OMC currency gains popularity in the first quarter of the year
The number of OpenSim grids accepting the multi-grid OMC virtual currency reached a record high in the first quarter of this year, as has the number of users of this hypergrid-enabled currency from Austian virtual currency exchange Virwox.
In the first quarter of the year, the OMC, or Open Metaverse Currency, almost doubled in popularity, going from around 600 users in January to almost 1100 users in March.
The OMC is fully convertible, and can be bought and sold for US dollars, British pounds, Euros, and Swiss francs, and can also be traded for Second Life ‘s Linden dollars. The OMC has an exchange rate of around 270 OMC to US $1.
After an initial drop at the end of 2010, the currency became more widely used. The number of grids where the OMC can be used has grown from 18 at the beginning of the year to an all-time high of 28. As the number of OMC-enabled grids rise, the usefulness of the currency rises as well. With OMC being available on more grids, this means more opportunities for shopping on different grids.
User and Transaction Growth
The number of registered users of OMC has almost doubled in the first three months of the year, going from around 600 to 1,100. The beginning of 2011 showed a steeper increase in the number of registered users, compared to 2010, a sign that adoption may be accelerating.
Although the total value of OMC transactions fell sharply at the end of 2010, it made a sizeable comeback in March.
One possible explanation for this drop is that some OMC-enabled grids may have suffered from upgrade problems or from a breakdown in hypergrid connectivity as a result of new releases of the OpenSim software, TalentRaspel virtual worlds Ltd. president Kai Ludwig told Hypergrid Business.
TalentRaspel operates several OMC-enabled grids, including the social grids Wilder Westen and Open Neuland.
“I remember January as a technically difficult month,” he said. “We managed to keep operations stable by carefully using our test systems for every small step.”
Despite upgrade and connectivity issues, the total amount of OMC in circulation has continued to rise.
Since the end of last year, the amount of OMC in circulation has risen steadily to reach a high of over $2,000.
The OMC currency works independently of any particular grid, and is stored in the users’s Virwox account — very similar to the way that PayPal stores money for its users. Additional funds can be added or withdrawn from the account at any time.
And, as with PayPal payments in OpenSim, final authorization for each transaction takes place on the Virwox website, for maximum security. In addition, each grid that enables OMC has to be approved by Virwox.
OMC works with all existing Linden shopping scripts, so goods are delivered in-world at time of purchase. Merchants can scam the system — as they can in Second Life — by promising one product and delivering something else. However, a grid that doesn’t police its merchants and has too many complaints from shoppers stands to lose its OMC connectivity.
The OMC currency works across hypergrid teleports, so a shopper could travel to other grids to buy goods and bring them back to their own grid. However, with new improvements in hypergrid security, not all items may be transportable to other grids. Shoppers are urged to buy from merchants they know, or to experiment first with small items or freebies, to ensure that they can bring goods home.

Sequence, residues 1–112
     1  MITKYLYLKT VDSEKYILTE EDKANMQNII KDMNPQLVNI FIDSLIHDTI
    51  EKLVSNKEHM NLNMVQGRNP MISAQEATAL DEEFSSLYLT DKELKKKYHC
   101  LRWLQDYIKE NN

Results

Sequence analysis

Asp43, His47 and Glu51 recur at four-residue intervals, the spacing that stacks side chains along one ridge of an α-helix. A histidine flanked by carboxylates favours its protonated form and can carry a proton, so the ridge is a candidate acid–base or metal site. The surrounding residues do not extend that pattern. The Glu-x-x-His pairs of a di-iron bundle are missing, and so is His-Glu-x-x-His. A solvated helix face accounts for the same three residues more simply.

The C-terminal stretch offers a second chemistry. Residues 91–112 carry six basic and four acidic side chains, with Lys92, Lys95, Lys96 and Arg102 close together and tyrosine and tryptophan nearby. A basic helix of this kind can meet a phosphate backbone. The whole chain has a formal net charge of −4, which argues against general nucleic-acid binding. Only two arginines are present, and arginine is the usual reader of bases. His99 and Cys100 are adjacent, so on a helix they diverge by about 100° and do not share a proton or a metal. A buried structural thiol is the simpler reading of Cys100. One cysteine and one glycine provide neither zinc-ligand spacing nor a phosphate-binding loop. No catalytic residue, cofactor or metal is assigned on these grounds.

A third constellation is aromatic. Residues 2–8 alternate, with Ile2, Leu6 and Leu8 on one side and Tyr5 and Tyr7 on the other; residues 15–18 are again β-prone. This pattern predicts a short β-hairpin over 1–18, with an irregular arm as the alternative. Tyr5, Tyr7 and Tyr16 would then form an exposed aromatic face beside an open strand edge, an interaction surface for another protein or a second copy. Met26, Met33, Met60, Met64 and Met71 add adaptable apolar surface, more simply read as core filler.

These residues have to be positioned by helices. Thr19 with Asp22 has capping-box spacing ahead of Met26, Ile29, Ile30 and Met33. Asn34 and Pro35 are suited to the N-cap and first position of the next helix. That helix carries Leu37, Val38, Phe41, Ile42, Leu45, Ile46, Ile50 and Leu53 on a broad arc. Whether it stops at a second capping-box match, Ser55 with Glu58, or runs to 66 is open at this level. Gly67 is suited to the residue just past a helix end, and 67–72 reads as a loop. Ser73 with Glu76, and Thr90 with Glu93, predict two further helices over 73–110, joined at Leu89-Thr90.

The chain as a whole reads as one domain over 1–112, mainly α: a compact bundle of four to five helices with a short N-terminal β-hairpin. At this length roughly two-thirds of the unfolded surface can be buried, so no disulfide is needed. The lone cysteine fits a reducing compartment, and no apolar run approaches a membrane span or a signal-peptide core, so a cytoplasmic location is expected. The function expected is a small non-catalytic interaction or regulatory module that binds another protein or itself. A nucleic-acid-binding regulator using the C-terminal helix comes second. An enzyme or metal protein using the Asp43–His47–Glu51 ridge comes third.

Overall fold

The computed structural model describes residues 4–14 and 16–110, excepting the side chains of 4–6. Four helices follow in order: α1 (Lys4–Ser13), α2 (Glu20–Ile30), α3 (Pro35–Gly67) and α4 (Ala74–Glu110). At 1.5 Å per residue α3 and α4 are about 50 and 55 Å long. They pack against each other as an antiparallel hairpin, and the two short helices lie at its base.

The OMC isn’t just limited to shopping, however.
“In Europe, we have a more relaxed attitude towards adult services — and gambling, sports betting, etc… — than in the U.S.,” said Frank Kappe, a professor at the Institute for Information Systems and Computer Media at Austria’s Graz University of Technology, and one of the creators of the OMC.
In other news from Virwox, the exchange reported that is has surpassed more than 30,000 total registered users and has traded more than $30 million worth of Linden dollars, the exchange announced May 4.
In addition, since rolling out support for the Avination grid’s virtual currency in February, the exchange has also traded more than 20 million C$ — or approximately US $74,000. U.K.-based Avination is the second-largest public OpenSim grid by land area, and grew fast over the past few months as a result of radio and Second Life advertising campaigns, as well as a vibrant in-world gambling industry.
By comparison, the OMC exchange volume on Virwox is just 12 million OMC — or around $44,000.
One reason for the difference is that Avination is a closed, commercial grid. Content cannot be taken off the grid via hypergrid teleports or region OAR file backups or inventory IAR backups. As a result, merchants are more comfortable selling virtual good in that environment.
Most of the large OMC-enabled grids, however, including GermanGrid, are hypergrid-enabled, allowing goods to travel to other grids where they could be exported and, potentially, distributed illegally. As a result, many merchants have been hesitant about selling their goods there. In addition, given hypergrid compability issues as a result of recent OpenSim upgrades, shoppers may be wary of spending money on foreign grids if there’s a possibility that they won’t be able to bring their purchases home with them.
Recently, closed commercial grids have begun adopting the OMC as well, in order to avoid the hassles of managing their own virtual currencies, but these grids haven’t yet grown to the point where they constitute a sizeable retail market.
Today we passed a number of important milestones at the same time: We were able to welcome our registered user number 30,000. Also, we have traded over 7,500,000,000 Linden dollars (about 20 million Euro / US$ 30 million), emphasizing our position as the leading independent exchange for trading Linden dollars. In addition, we have traded already 20 million Avination C$.